3,239 combined regular-season and playoff points
The sheer magnitude of this number speaks to how unique, how exceptional Gretzky's career was. Gretzky leads both the regular season and playoffs in goals, assists and points, and the numbers are not close. He has 2,223 total assists, more than any other player has points. In other sports these records are hotly contested: Pete Rose's 4,256 hits are only two percent more than Ty Cobb's, and Kareem Abdul-Jabbar's 38,387 points are 4 percent more than Karl Malone's. By contrast, Gretzky's raw points lead over Mark Messier is /b>48 percent. Even after adjusting for scoring levels, he still holds 2,743 points, 200 more than Gordie Howe's adjusted totals, in far fewer games.
Courtesy Hockey Prospectus
Active player who'll get closest to breaking it: Mark Recchi is the current leader among active NHLers, with 1,650 combined regular-season and playoff points, and nobody will exceed that total for at least a decade.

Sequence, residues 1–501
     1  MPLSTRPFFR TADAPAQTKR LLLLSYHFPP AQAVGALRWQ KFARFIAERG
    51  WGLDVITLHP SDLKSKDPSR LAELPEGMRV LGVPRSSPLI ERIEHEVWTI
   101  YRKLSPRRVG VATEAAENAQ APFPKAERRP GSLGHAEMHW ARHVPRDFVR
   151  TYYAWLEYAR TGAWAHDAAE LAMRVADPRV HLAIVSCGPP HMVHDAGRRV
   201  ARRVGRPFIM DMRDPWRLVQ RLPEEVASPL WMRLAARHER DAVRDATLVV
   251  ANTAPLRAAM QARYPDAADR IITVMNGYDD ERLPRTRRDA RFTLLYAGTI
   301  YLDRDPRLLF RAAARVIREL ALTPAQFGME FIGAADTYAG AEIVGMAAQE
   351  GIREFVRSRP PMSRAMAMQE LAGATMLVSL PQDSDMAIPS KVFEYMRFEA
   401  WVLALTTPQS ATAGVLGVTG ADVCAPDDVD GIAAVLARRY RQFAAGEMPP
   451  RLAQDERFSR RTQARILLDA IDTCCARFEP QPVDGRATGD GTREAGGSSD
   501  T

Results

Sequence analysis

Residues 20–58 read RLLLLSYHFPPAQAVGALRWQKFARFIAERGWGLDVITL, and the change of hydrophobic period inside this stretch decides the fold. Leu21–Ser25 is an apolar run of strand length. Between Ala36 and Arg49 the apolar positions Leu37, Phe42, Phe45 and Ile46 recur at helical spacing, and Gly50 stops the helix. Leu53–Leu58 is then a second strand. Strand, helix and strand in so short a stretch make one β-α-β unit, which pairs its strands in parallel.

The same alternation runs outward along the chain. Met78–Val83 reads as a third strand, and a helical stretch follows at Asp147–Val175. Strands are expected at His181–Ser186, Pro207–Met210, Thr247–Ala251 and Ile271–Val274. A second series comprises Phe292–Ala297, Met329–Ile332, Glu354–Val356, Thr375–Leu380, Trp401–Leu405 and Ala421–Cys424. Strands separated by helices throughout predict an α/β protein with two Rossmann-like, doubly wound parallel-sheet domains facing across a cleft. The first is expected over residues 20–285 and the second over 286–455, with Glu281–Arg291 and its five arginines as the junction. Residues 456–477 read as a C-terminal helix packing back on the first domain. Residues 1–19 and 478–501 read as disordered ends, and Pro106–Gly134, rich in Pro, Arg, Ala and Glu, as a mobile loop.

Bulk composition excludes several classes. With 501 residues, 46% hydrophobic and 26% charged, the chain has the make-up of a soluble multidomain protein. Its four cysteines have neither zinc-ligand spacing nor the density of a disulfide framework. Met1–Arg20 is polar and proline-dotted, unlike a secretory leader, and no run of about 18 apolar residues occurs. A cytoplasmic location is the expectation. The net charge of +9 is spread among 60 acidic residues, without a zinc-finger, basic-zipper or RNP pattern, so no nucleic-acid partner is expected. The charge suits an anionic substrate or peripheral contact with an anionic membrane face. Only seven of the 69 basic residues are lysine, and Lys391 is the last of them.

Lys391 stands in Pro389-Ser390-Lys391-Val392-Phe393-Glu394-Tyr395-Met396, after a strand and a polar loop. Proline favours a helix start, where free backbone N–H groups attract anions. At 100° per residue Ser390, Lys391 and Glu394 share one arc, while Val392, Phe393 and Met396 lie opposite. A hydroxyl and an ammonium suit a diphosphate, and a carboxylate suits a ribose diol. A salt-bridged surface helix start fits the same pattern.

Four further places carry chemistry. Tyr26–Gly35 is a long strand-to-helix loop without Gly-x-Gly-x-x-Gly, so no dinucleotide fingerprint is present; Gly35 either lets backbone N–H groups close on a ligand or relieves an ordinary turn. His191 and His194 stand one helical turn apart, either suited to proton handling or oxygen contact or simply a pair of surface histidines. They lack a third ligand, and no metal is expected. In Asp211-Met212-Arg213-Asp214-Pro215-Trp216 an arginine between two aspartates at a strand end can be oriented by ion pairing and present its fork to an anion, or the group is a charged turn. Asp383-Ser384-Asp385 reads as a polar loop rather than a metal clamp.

Gretzky was so good, he even owns some records that aren't officially recognized: Because of his single year of experience in the WHA, the NHL refused to designate him as a rookie in his first season even though he was only 18 years old. Gretzky's 86 assists and 137 points that year are unofficial rookie records that hold to this day.
Happy birthday, Wayne. There are very good odds that, even in another 50 years, most of your records will still stand, testaments to an immortal talent.
A version of this story originally appeared on ESPN Insider .
Tom Awad is an author of Hockey Prospectus.
You can contact Tom by clicking here or click here to see Tom's other articles.